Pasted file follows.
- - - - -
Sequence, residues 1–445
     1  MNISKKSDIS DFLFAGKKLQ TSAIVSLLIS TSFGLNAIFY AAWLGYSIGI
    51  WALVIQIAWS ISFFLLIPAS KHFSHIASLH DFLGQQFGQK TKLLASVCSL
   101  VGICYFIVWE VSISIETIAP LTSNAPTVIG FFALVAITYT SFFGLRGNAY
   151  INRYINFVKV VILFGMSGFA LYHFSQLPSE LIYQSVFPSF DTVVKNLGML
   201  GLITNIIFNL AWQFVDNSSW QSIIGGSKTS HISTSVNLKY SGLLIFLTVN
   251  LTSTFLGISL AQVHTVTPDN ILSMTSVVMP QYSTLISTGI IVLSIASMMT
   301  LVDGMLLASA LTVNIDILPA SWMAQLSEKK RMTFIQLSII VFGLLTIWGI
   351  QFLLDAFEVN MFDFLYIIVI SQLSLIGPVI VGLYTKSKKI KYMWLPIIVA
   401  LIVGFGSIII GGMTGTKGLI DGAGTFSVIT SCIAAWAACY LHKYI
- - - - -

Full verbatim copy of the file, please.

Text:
Sequence, residues 1–445
     1  MNISKKSDIS DFLFAGKKLQ TSAIVSLLIS TSFGLNAIFY AAWLGYSIGI
    51  WALVIQIAWS ISFFLLIPAS KHFSHIASLH DFLGQQFGQK TKLLASVCSL
   101  VGICYFIVWE VSISIETIAP LTSNAPTVIG FFALVAITYT SFFGLRGNAY
   151  INRYINFVKV VILFGMSGFA LYHFSQLPSE LIYQSVFPSF DTVVKNLGML
   201  GLITNIIFNL AWQFVDNSSW QSIIGGSKTS HISTSVNLKY SGLLIFLTVN
   251  LTSTFLGISL AQVHTVTPDN ILSMTSVVMP QYSTLISTGI IVLSIASMMT
   301  LVDGMLLASA LTVNIDILPA SWMAQLSEKK RMTFIQLSII VFGLLTIWGI
   351  QFLLDAFEVN MFDFLYIIVI SQLSLIGPVI VGLYTKSKKI KYMWLPIIVA
   401  LIVGFGSIII GGMTGTKGLI DGAGTFSVIT SCIAAWAACY LHKYI